Do Your Questions Help or Hurt Your Kids?

Ed was trying to be patient and thoughtful, but he was at the end of his rope. Instead of helping him fix dinner, his two daughters were upstairs arguing loudly and disrespectfully. As he listened he thought to himself, “That’s it, I’ve had enough. That’s the last straw!”

Seconds later the inevitable happened: screams cascaded down the steps and into the kitchen as the older sister innocently appeared for her table-setting duty. With loud voice and popping veins Ed erupted. “Are you happy now? Your sister is crying! Did you get what you wanted?”

As Ed retold the story he looked discouraged. He’d been working on asking constructive questions and empowering his kids to solve their own problems. Technically, he asked a couple of questions, but we can immediately recognize the intent was not to discover new information or empower his daughter. “I was angry and I knew I wanted to ask some questions,” he said sadly, “but those were the only ones that came to my mind.”

I said, “That is awesome!”

The road to becoming the parents we want to be can be quite bumpy as we let go of old habits, but while Ed clearly didn’t respond the way he’d ultimately like to respond, I still saw a change in the trajectory of his parenting. Instead of quickly barking orders when the kids fought, he waited. He did the best he knew how to empower his kids by asking questions. While his efforts fell short of his goal, Ed no longer wanted to talk about how to get kids to quit fighting and do chores, but about what had happened and how he could keep making the parenting progress he wants to make.

I repeat — “That is awesome!”

As Ed received this encouragement, we moved on to talk about the subtle negative messages his efforts conveyed to his daughter:

  • You are making me mad. (aka: you are in control of my emotions)
  • You are a problem.
  • You are incapable of relating well to your sister.
  • I am responsible for you and your sister’s relationship.

We then talked more about how to ask constructive questions, and encourage his kids with positive messages. Here’s the essence of our conversation.

 

First, ask yourself some questions:

  • Is my heart for my child, and prepared well to talk with him/her?
  • Have I asked God for guidance and help? (Keep in mind that high levels of anger, irritability, or frustration need to be in check- or even good questions will be perceived as trapping or incriminating.)
  • Are my tone of voice, facial expressions and body language inviting a conversation? (Keep in mind that non-verbal communication holds even more power to communicate than do words themselves, and that the nature of eye-contact given is the most potent of all.)

When parents take time to reflect on these questions there is often greater receptivity by the child to talk about what is going on. The message kids receive is, “You are safe with me.”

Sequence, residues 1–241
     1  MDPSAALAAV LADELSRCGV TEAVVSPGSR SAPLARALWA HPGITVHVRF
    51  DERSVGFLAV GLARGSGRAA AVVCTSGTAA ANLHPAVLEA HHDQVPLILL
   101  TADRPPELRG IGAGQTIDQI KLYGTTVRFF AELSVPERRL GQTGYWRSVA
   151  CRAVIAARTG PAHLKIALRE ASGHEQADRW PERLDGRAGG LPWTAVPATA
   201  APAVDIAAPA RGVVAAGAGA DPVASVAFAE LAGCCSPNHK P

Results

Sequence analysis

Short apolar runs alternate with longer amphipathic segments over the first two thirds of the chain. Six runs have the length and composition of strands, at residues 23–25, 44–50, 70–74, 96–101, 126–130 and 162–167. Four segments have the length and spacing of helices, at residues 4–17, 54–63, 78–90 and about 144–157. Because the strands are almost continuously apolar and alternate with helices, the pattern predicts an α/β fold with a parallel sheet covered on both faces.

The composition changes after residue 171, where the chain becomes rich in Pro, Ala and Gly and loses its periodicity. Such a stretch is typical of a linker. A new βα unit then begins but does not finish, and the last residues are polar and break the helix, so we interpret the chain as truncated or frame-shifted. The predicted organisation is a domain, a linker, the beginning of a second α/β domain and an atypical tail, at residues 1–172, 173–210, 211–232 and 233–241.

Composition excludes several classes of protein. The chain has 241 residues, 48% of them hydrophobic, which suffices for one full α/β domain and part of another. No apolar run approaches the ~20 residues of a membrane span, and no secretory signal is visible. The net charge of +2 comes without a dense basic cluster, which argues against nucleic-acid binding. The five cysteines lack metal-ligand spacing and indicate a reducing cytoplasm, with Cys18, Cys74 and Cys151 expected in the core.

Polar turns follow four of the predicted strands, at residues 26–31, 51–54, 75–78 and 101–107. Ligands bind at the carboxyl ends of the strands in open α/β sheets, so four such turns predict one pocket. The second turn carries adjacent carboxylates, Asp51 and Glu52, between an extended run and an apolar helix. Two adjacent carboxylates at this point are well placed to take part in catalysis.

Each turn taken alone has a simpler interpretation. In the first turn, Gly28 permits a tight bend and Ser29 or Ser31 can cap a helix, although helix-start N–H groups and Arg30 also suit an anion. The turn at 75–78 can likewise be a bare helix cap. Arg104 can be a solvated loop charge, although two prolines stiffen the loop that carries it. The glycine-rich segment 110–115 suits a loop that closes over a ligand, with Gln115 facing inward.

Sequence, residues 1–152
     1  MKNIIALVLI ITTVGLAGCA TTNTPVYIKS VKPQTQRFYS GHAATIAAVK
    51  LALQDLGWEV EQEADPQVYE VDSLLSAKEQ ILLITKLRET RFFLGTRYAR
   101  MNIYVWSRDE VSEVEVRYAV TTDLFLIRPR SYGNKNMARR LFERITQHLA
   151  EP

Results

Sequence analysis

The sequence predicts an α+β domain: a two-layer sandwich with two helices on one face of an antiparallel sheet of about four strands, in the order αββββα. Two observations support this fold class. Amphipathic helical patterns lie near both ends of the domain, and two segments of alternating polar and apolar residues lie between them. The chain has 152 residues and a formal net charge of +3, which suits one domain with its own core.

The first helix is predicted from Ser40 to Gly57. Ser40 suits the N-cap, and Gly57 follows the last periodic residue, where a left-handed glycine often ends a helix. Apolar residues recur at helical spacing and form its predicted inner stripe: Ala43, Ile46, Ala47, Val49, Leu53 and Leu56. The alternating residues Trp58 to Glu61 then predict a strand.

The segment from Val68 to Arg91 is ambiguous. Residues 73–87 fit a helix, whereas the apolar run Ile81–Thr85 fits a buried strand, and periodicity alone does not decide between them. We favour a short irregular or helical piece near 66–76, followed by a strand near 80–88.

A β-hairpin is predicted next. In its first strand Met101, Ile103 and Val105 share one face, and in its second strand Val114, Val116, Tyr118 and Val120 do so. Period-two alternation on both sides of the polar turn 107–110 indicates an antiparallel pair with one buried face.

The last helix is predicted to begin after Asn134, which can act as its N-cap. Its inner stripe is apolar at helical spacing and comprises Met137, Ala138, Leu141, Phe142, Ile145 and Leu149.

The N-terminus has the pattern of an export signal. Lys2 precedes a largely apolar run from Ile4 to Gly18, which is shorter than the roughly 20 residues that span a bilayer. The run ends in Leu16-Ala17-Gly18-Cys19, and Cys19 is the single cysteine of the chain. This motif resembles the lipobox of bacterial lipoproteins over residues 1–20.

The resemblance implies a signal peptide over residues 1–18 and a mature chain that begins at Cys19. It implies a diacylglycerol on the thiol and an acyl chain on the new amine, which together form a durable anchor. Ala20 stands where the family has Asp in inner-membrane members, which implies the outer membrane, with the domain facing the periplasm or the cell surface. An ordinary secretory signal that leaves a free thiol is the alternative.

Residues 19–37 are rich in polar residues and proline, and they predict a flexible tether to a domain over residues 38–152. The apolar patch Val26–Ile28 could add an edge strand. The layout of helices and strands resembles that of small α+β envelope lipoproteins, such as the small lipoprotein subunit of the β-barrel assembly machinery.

Then, engaging kids with a some constructive questions may bring about a surprisingly different outcome. For example, in the above scenario, saying:

  • “Seems like the two of you are having a rough time. Are you two doing okay? (This causes her to assess the situation for herself.)
  • What happened to get you yelling and her crying? (This allows her to tell you her side while also considering her sister’s perspective.)
  • What do you think needs to be done to get your relationship to a place where you both feel good about each other again? (Asking for their input puts the responsibility for the relationship on them.)
  • What would your sister say is needed? (Helping her see it from her sister’s perspective is important for reconciliation.)
  • Is there anything you need from me to help resolve this conflict? (Offering to give suggestions or be a resource is important to help kids think through their options.)

Of course the above situation could go a hundred different directions! Perhaps the sisters will need time apart to consider how they want to repair their damaged relationship. Perhaps younger sister will need a couple minutes of comfort and question-asking as well. Perhaps the conflict won’t be resolved until after dinner or the next day. No matter how the conflict resolves, the important thing is to focus on communicating positive messages to your children in ways that support their conflict resolution.

The positive messages parents convey in this approach can be capsulized this way:

  • “You are safe with me as I work to calm down and sort out my own issues.”
  • “You are loved – even when you squabble like this.”
  • “You are capable of caring for each other and of learning to sort things out.”
  • “You are responsible for your relationships.”

If you want kids to believe these things, start by telling them. Then, ask questions that help them act accordingly. If you do, the trajectory in your home will keep changing too.

Want to learn more about these concepts? Download our one hour recording of a Discipline That Connects workshop.

 

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